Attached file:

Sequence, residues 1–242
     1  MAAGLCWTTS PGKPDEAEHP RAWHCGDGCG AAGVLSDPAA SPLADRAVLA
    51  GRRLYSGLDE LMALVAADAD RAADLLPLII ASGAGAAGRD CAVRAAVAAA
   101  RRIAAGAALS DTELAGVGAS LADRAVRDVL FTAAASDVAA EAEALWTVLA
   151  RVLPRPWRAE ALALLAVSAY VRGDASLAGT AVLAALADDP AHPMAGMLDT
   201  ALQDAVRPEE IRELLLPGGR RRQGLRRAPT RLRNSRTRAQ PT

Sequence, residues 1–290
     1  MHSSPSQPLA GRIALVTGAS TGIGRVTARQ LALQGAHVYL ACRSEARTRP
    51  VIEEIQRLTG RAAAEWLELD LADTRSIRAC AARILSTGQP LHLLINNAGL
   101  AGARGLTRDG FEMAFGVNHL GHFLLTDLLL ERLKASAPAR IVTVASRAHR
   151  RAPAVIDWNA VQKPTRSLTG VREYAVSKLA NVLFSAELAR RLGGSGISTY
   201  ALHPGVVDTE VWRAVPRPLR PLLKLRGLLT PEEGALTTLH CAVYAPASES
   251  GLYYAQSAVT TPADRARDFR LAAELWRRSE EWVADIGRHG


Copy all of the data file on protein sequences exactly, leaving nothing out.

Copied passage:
Sequence, residues 1–242
     1  MAAGLCWTTS PGKPDEAEHP RAWHCGDGCG AAGVLSDPAA SPLADRAVLA
    51  GRRLYSGLDE LMALVAADAD RAADLLPLII ASGAGAAGRD CAVRAAVAAA
   101  RRIAAGAALS DTELAGVGAS LADRAVRDVL FTAAASDVAA EAEALWTVLA
   151  RVLPRPWRAE ALALLAVSAY VRGDASLAGT AVLAALADDP AHPMAGMLDT
   201  ALQDAVRPEE IRELLLPGGR RRQGLRRAPT RLRNSRTRAQ PT

Sequence, residues 1–290
     1  MHSSPSQPLA GRIALVTGAS TGIGRVTARQ LALQGAHVYL ACRSEARTRP
    51  VIEEIQRLTG RAAAEWLELD LADTRSIRAC AARILSTGQP LHLLINNAGL
   101  AGARGLTRDG FEMAFGVNHL GHFLLTDLLL ERLKASAPAR IVTVASRAHR
   151  RAPAVIDWNA VQKPTRSLTG VREYAVSKLA NVLFSAELAR RLGGSGISTY
   201  ALHPGVVDTE VWRAVPRPLR PLLKLRGLLT PEEGALTTLH CAVYAPASES
   251  GLYYAQSAVT TPADRARDFR LAAELWRRSE EWVADIGRHG